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The Song of the Ice

Earth Scientist and musician Steve Garrett on a new project combining music, science, sound and animation to tell the story of the Antarctic ice sheet

Garrett, S., The song of the ice. Geoscientist 30 (7), 5, 26-27, 2020 10.1144/geosci2020-100, Download the pdf here

As a geologist, geophysicist and guitarist, I’ve always been interested in the links between music and science. My first job was with the British Antarctic Survey (BAS) in the early 1980s, and in recent months I’ve been working remotely with scientists at BAS to create a new work.

‘The Song of the Ice’ uses music, science, sound, animation and images to tell the story of the life of the Antarctic ice sheet in three parts, highlighting its long history, dynamic nature, beauty and role as witness to the changing state of our planet. We launched the work via a global live-streamed event to celebrate the 50th anniversary of Earth Day on 22 April 2020 on YouTube.

Part 1 - isolate

Fig 1 Left: Part one - Gondwanaland breaks up, the continents move away, isolating Antarctica and the ice sheet forms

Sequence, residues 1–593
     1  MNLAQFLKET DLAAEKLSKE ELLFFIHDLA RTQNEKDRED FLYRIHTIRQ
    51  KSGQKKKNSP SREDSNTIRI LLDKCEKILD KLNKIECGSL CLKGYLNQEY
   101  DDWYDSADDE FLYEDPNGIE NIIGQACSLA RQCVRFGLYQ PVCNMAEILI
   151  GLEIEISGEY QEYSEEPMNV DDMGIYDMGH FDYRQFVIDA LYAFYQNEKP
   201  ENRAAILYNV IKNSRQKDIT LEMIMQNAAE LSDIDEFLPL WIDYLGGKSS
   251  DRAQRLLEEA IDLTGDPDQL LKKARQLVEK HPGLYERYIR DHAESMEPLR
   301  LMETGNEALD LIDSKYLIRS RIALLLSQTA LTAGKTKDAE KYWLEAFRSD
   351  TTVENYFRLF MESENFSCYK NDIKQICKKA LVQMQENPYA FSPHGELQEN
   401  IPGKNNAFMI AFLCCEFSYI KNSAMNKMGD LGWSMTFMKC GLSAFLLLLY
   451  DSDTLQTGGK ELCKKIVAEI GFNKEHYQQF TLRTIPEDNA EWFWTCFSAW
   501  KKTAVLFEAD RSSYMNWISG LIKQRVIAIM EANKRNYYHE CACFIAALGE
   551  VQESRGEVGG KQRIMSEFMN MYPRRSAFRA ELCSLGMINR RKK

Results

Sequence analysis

The first section describes the last 180 million years (Ma) as other continents move away,  isolating Antarctica and ending with the ice sheet forming.

   I took a YouTube video ‘Plate Tectonics Viewed from South Pole’ by Chris Scotese and digitised the outlines of the continents with animation and shading effects to create a new movie playing forward in geological time with 1 second representing about 0.6 Ma.

   A different musical theme represents each continent as it breaks away — first Africa, then India, then Australia, then South America, with the circumpolar current and ice sheet forming. Africa and South America share a common theme as they were once connected, whilst India moves quickly, as does the continent itself. Australia has a didgeridoo-like drone creating a dreamlike effect.


Part 2 - grow

Figure 2Above: Part two: Microseismic data from a major glacier - amplitude, frequency and processing in the recording studio

This section represents the last 30 Ma — the ice sheet grows and moves, accompanied by the  sounds of ice-quakes and images of the ice sheet.

  Key partners in this section included Dr Andy Smith and Dr Sofia-Katerina Kufner at BAS who provided geophysical data, Stuart Hamilton at Castlesound Studios who converted these data to meaningful sound, and geologist Chris Bell who processed digitally some of the analogue slides from my Antarctic fieldwork. 

   During three summer field seasons (1981-1984) I was fortunate to cover a lot of ground across West Antarctica and the Antarctic Peninsula as part of my job carrying out airborne geophysical (magnetic, ice radar, gravity) surveys - we also photographed some penguin colonies from the air. This gave me a wide variety of landscape images to reflect the beauty of the ice.